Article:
The Hogarth Shakespeare project – a series of re-workings of the bard’s plays by eminent writers including Anne Tyler, Howard Jacobson and Margaret Atwood – sounded dangerously gimmicky when it was announced. Re-imaginings have become old hat in the age of frenzied recycling, and western literature can hardly be accused of leaving Shakespeare’s works unexplored. Even the Bible looks relatively unchallenged in comparison.
However, perhaps due to its inspired roll call of storytellers, the imprint has given us some intriguing new evaluations of core contemporary issues such as race, gender, and imprisonment, as well as compelling investigations of a host of psychological ills. It has proved, albeit for the millionth time, that Shakespeare’s genius is his perpetual unfathomability.
Dunbar is the latest addition, and sees British writer Edward St Aubyn get stuck in to King Lear. It’s an unsurprising choice for the author of the acclaimed Patrick Melrose series. The Melrose novels, depicting the wasteful and cruel antics of a profoundly dysfunctional aristocratic family, are based on St Aubyn’s own life, in which he was raped repeatedly as a child by his tyrannical father, and became an Oxford-attending heroin addict before heading into psychotherapy at 25. So he knows a thing or two about screwed-up fathers on the wrong end of familial power, corruption and lies.
Sensitive and sorrowful, Dunbar is also fast paced, sassy, and very funny
St Aubyn has said one re-read of Lear sent him into a panic, hurrying away ‘like someone leaving a burning building’. He didn’t turn back to the text again, but in fact, though his Lear is updated to a Murdoch-style media mogul incarcerated in a Lake District care home, his version sticks pretty rigidly to the original. The main characters are all there in some form, and the main theme of an old man whose loss of power and its accompanying illusions result in mental and physical breakdown, is thoroughly and conscientiously plumbed.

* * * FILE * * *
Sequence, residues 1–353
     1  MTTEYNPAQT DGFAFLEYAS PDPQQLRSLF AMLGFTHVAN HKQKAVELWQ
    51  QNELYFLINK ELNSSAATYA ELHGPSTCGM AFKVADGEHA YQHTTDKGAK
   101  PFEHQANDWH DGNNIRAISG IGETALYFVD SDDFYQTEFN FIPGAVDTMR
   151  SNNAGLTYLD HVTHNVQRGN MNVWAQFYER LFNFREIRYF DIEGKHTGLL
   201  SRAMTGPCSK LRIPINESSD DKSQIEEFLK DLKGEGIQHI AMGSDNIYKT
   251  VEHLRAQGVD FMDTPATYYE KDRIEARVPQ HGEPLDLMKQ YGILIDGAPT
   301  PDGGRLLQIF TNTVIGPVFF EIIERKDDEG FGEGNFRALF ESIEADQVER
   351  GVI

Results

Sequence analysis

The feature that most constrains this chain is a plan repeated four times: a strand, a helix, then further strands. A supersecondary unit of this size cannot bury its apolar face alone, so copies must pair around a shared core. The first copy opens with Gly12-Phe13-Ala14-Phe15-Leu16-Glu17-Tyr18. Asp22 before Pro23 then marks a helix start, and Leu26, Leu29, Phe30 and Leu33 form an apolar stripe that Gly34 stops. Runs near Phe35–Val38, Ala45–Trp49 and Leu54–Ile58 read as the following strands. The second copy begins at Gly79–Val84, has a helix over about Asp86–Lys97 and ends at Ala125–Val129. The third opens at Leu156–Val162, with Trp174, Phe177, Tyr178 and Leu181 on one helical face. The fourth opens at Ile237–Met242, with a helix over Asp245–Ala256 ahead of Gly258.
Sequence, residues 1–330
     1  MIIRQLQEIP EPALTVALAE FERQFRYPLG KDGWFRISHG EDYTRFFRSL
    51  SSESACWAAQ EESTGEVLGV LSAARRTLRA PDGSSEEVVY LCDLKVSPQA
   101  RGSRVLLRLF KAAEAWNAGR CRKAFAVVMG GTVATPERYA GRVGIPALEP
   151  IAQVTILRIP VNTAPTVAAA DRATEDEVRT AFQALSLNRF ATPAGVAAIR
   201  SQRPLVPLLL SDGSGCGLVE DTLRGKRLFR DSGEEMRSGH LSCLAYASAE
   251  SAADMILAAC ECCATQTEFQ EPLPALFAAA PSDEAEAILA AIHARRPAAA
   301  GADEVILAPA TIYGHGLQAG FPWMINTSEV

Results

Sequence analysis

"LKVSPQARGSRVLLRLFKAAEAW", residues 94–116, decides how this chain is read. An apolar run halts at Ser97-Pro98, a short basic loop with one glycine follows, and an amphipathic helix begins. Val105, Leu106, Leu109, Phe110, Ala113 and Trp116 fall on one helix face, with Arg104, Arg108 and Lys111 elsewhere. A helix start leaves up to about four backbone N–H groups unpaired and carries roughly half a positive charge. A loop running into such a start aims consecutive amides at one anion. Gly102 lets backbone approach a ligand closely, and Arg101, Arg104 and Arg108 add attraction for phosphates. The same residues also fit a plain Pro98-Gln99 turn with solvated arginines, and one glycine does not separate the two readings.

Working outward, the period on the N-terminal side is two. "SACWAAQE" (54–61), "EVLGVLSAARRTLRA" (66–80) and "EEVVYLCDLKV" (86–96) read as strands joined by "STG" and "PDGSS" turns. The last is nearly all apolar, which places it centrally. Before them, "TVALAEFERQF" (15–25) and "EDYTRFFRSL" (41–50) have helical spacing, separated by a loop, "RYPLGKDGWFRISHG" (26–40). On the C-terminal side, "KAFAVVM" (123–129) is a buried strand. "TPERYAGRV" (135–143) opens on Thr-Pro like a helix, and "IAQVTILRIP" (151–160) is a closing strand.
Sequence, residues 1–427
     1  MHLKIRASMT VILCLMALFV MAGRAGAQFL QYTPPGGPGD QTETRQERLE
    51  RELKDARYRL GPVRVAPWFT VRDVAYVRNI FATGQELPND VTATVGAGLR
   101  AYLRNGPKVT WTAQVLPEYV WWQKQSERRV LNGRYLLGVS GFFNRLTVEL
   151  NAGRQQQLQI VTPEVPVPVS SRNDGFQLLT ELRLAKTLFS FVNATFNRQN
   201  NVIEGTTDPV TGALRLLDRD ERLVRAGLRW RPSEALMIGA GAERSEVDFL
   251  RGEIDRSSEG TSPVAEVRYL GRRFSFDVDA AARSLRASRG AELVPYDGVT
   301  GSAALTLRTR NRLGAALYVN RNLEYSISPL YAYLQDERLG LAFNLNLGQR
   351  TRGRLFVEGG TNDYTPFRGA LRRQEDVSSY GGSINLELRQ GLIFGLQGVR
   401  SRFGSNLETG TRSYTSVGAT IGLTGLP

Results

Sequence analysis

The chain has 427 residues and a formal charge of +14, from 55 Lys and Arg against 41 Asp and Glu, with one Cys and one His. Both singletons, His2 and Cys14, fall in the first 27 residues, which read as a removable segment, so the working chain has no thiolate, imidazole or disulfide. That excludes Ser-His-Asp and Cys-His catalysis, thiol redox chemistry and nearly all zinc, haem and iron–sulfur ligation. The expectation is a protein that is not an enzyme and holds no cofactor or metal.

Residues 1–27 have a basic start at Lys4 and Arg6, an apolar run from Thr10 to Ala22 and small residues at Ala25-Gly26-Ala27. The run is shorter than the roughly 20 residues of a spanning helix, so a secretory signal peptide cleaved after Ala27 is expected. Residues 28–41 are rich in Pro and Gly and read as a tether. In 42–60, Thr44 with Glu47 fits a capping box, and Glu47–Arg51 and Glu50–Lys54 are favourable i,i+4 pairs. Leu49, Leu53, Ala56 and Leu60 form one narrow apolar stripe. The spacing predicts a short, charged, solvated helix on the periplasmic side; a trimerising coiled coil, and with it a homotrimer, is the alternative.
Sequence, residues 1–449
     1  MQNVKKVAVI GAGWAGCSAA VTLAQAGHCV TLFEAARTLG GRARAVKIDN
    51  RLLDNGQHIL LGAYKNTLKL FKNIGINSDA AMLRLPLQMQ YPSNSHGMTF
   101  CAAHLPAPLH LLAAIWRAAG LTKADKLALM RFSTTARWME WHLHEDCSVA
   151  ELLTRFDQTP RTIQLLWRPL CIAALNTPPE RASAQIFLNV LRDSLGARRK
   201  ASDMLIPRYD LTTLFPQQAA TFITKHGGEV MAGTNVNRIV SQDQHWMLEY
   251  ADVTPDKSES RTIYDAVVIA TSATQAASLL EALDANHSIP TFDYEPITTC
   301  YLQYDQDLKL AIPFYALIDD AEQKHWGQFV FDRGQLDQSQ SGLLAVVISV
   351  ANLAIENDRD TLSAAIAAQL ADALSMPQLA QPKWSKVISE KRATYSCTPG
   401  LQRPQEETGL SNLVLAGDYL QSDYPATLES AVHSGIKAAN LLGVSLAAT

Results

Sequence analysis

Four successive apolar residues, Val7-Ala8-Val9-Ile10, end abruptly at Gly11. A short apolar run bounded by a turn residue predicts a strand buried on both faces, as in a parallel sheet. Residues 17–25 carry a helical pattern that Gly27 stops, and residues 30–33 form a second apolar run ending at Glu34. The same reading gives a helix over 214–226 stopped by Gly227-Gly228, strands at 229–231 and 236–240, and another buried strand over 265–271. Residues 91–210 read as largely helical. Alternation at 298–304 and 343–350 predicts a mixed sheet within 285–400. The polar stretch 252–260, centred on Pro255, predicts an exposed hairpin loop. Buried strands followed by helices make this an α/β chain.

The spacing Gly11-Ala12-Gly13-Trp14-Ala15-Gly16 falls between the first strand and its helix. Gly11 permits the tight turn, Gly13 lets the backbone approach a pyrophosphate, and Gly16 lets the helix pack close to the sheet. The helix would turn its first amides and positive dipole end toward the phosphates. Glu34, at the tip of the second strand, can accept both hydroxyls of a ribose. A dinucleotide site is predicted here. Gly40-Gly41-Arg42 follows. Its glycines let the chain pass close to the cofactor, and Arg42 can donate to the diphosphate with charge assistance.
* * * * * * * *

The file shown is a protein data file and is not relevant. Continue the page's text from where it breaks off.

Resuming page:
It is testimony to the richness and visionary wisdom of King Lear that, despite 400 years of forensic investigation, it continues to inspire thought-provoking and poignant new work. While it doesn’t succeed on every level (though avoiding reductive shortcuts in a 200-page novel based on Lear may be beyond any writer unequal to Shakespeare himself), I found Dunbar hugely satisfying. Sensitive and sorrowful, it is also fast paced, sassy, and very funny (his fool, depressive alcoholic comedian Peter, fires out random brain floss like Ross Noble on Red Bull). Another fruitful pursuit from the worthwhile Hogarth enterprise.
There are many books addressing the plight of refugees fighting their way towards the imagined civilisations of Europe or America. Valeria Luiselli’s Tell Me How It Ends – lucid, plain-speaking, and authoritative – is one of the most powerful.
Without hyperbole or mawkish sentiment, Luiselli makes a moral case it’s hard to argue with
In 2014 Luiselli, a Mexican woman with her own experience of struggling with the US immigration system, began working as a New York court interpreter for unaccompanied child refugees fleeing Mexico and Central America. Here, she details the nightmarish terrors these children have come from, the harrowing journey they have endured, and the ignorant, hostile environment they find awaiting them in the shadow of the Statue of Liberty. The chasm between their romanticised hopes for a welcome, and the cold suspicion with which they are greeted, makes for torturous reading. Without hyperbole or mawkish sentiment, Luiselli makes a moral case it’s hard to imagine anyone with a care for the humanity of the West to argue with.